As for the geometric potential gain, if we let , the following expansion holds:
in which we make use of the Neuman series (Horn and Johnson, 2013)
At this point, the term is exactly the Katz centrality score (Katz, 1953; Leicht et al., 2006), a popular centrality metric that defines the importance of a node as a function of its similarity with other nodes in Hence, we can say that the geometric potential gain combines two kind of contributions: popularity, as captured by node degree, and similarity as captured by Katz’s similarity score.
It is also instructive to consider what happens for extreme values of : if , then the geometric potential gain tends to , i.e., it coincides with degree. In contrast, if , then the Katz centrality score converges to eigenvector centrality (Benzi and Klymko, 2015), another popular metric adopted in Network Science. Boldi et al. (Boldi and Vigna, 2014; Boldi et al., 2017; Vigna, 2016; Boldi, 2015) show that the Katz Centrality score is also strictly related to the PageRank. More specifically, the PageRank vector coincides with the Katz Centrality score provided that the adjacency matrix is replaced by its row-normalized version :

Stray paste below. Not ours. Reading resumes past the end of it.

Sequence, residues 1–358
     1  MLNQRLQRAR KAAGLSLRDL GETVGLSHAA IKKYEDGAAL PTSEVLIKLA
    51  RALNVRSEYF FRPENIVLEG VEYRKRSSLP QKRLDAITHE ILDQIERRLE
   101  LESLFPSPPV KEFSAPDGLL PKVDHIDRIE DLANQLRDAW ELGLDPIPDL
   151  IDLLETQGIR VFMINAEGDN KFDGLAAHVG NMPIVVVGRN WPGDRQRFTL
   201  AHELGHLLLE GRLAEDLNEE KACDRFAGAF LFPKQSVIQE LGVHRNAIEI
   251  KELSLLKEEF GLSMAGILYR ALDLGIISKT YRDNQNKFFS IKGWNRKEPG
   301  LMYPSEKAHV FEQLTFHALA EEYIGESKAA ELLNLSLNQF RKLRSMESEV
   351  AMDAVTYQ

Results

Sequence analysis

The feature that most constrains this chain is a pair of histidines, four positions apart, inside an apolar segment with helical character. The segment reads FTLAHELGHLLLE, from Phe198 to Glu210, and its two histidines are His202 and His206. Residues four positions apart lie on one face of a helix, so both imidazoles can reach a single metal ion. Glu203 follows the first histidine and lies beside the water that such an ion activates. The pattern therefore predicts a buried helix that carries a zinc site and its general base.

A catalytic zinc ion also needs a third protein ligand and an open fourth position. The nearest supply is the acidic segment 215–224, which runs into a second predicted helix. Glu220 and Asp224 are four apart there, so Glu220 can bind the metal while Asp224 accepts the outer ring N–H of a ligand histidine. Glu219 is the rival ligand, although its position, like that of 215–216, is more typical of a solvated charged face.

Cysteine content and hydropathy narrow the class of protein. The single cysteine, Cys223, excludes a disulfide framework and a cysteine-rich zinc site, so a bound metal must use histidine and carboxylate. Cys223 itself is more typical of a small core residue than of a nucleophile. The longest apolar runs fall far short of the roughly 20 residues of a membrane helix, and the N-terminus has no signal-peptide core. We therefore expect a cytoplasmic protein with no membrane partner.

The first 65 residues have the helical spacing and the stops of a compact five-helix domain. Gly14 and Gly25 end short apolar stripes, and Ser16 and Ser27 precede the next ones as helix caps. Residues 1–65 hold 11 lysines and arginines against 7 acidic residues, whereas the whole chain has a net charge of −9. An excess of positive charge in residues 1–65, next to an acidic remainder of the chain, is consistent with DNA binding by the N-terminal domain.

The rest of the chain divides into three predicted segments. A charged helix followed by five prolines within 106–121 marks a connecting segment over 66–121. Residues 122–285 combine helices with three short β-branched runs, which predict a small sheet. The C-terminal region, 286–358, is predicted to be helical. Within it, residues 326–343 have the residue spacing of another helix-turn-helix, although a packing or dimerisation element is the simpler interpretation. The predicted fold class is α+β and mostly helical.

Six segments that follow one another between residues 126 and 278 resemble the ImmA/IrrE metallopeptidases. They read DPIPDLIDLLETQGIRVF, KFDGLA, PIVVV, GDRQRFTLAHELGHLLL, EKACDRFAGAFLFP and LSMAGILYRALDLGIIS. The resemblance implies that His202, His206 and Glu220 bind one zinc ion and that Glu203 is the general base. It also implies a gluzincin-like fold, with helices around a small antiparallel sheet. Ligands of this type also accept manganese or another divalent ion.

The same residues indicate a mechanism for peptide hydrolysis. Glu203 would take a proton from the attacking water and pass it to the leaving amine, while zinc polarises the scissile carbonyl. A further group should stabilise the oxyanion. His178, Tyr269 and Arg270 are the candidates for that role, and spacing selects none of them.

Here, the parameter is the so-called PageRank damping factor. Let us now concentrate on the exponential potential gain. We rewrite Equation 5 as follows:
where is the exponential of (Higham, 2008).
Specifically, measures how easy is to send a unit of flow from a node to a node and vice versa. Such a parameter is known as communicability and it can be regarded as a measure of similarity between a pair of nodes. Communicability has been successfully used to discover communities in networks (Estrada et al., 2012). The product yields a centrality metric which defines the importance of a node as function of its ability to communicate with all other nodes in the network. In turn, the diagonal entry of the matrix exponential defines a further centrality metric called subgraph centrality (Estrada and Rodriguez-Velazquez, 2005). As a result of the rewriting above, we clearly see exponential potential gain as dependent on two factors: popularity of (i.e., its degree) and similarity of with all other nodes in the network.